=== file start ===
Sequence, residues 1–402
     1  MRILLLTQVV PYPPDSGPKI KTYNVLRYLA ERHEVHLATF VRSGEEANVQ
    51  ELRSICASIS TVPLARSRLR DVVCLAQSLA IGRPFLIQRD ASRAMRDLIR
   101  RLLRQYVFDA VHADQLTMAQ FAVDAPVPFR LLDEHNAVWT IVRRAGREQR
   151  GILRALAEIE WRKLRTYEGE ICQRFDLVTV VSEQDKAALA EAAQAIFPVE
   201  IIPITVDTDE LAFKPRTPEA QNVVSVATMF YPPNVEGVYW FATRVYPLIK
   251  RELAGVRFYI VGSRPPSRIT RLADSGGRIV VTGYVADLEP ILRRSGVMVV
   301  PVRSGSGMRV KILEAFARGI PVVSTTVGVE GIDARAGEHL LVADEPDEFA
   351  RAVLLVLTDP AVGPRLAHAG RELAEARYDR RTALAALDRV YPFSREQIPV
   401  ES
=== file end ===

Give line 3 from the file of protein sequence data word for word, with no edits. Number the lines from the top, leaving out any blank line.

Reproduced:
    51  ELRSICASIS TVPLARSRLR DVVCLAQSLA IGRPFLIQRD ASRAMRDLIR